Page 227 - Week 01 - Wednesday, 13 February 1991

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Discussion of Matter of Public Importance

MR SPEAKER: I have received a letter from Mr Berry proposing that a matter of public importance be submitted to the Assembly for discussion, namely:

The inability of the Government to address the problems in the ACT Ambulance System.

MR BERRY (3.12): It is with some reluctance that I rise to speak on this matter, because it is not good to be questioning the ability of emergency services to respond to the needs of members of the community when they are most in need of help. But that is a responsibility that the Government must wear, and it must, of course, live up to that responsibility in a way which ensures that proper services are delivered to the community. This Government has a record of not being able to do that in many respects; but, as far as this debate is concerned, I refer particularly to the area of health, specifically in relation to ambulance services.

I became concerned about the provision of ambulance services in the latter half of last year, and, in the light of the Government's failure to deliver a proper service, I raised those concerns publicly. But it was not easy for me to get information on the performance of the Ambulance Service. In fact, the Government and the health department were quite secretive about the performance of the Ambulance Service, and time after time requests were put in the Estimates Committee hearings for the provision of figures on ambulance services - and, of course, they were not provided in time for the Estimates Committee to consider and comment on them in its final report.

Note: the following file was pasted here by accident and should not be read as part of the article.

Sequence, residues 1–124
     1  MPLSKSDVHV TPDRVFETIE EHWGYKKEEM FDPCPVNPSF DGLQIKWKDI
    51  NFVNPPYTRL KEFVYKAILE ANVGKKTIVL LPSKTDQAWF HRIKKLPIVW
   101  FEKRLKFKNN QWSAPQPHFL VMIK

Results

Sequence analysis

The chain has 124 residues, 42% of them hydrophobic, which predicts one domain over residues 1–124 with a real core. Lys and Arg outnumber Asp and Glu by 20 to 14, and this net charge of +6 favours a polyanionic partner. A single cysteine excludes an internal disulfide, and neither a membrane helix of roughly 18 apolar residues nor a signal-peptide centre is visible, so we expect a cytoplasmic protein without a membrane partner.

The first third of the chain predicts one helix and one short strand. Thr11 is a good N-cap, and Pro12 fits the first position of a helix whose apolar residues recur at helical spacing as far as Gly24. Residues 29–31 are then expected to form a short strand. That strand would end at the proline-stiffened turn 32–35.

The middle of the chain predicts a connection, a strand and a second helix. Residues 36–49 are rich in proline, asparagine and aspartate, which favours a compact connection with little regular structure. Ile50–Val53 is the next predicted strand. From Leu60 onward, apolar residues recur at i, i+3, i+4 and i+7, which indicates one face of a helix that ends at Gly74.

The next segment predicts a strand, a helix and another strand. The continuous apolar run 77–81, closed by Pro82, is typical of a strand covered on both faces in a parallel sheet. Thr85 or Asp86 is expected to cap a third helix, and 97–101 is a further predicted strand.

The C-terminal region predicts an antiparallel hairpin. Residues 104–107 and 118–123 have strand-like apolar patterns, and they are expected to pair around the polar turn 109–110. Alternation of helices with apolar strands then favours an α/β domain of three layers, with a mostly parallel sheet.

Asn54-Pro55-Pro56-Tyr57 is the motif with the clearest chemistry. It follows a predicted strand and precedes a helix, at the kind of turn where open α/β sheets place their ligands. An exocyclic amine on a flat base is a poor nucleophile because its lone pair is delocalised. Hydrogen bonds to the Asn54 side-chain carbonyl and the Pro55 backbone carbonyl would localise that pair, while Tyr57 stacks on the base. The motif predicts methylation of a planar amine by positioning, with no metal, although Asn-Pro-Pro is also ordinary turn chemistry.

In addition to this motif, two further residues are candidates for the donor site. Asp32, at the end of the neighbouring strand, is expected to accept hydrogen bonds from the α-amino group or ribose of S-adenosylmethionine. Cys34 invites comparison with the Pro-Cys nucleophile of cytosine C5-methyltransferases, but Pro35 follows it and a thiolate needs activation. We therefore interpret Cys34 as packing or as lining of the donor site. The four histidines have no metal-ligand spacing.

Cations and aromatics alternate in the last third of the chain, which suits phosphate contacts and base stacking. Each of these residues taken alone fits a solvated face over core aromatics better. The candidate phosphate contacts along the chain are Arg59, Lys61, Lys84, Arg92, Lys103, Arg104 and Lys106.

I suspect that that was done quite deliberately to try to hose the issue down, because the Minister and his department knew that things were not well in the Ambulance Service. In that sense, it smelt of a cover-up. I will just give you some examples which were exposed then. In the 26 days from 26 September to 22 October 1990, there were 112 requirements for overtime shifts - 25 per cent of the total shifts needed - and those overtime shifts were needed because of staff shortages. Fifty-seven of those shifts were not covered, and that means that on 57 occasions ambulance crews were short. At least one of the four ACT stations was closed on 32 occasions. Staffing levels had been down to as low as 1.5 crews. In fact, only one ambulance could be staffed properly. On 32 occasions there were three or fewer ambulances in service - and the minimum requirement, of course, in the ACT is for four ambulances to operate 24 hours a day, seven days a week, and so on.

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